Section of Northerly Island trail languishes in disrepair

(CHICAGO) A portion of the trail circling Northerly Island remains closed more than a year after waves from Lake Michigan caused erosion damage — and the Chicago Park District can’t say when fixes will be made, the Chicago Sun-Times is reporting.

Waves crashing over the east side of the park damaged several hundred feet of the path. Earth underneath the path was washed away and parts of the pavement are also damaged.

A plan to fix the trail was created by the Army Corps of Engineers and handed over to the Chicago Park District to implement, according to a spokeswoman for the Corps.

The park district would not say when the fixes would be carried out or what’s taking so long.

The plans “are currently under review,” park district spokeswoman Jessica Maxey-Faulkner said in an email. “I have no further information at this time.”

A series of signs and large yellow concrete barriers are in place to keep pedestrians off the damaged section of trail.

Juanita Irizarry, executive director of Friends of the Parks, says her group hasn’t been involved in the process.

“We’ve had the same questions about when it will open and gotten the same responses,” Irizarry said Thursday. “I’m not sure if anybody is taking it as a super high priority at this point. It should be a high priority. But it doesn’t seem like a lot of attention is being paid to it.”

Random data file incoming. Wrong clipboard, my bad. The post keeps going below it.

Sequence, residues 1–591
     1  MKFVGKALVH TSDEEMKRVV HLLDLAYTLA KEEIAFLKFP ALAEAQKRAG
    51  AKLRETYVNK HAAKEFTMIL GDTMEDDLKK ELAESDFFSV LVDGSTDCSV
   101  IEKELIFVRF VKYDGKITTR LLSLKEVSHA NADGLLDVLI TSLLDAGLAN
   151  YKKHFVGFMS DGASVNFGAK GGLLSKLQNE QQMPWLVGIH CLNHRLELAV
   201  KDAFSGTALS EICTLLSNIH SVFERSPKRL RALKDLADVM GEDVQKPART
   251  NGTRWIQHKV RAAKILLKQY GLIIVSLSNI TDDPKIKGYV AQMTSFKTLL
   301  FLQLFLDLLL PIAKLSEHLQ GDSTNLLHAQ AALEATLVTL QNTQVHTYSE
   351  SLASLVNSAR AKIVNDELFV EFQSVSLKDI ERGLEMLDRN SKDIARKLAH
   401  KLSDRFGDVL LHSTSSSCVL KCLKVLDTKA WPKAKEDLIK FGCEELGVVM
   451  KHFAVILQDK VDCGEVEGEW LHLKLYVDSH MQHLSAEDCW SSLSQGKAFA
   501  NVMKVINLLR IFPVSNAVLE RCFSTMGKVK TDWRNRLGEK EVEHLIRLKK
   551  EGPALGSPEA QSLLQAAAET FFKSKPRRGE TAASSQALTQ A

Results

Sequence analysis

Friends of the Parks is a nonprofit organization that works to preserve, protect, improve, and promote the use of Chicago parks and open spaces.

A group from Friends of the Parks meets informally and privately with representatives of the park district every month to discuss issues, and Irizarry said she plans to raise concerns about Northerly Island at their next meeting.

The path — which meanders through rolling hills and encircles a 5-acre lagoon — has become a popular spot for runners, bikers and walkers since it opened in September of 2015.

The park cost $9.7 million to build, mostly from federal funding, and lies on part of a 91-acre peninsula that used to be home to Meigs Field.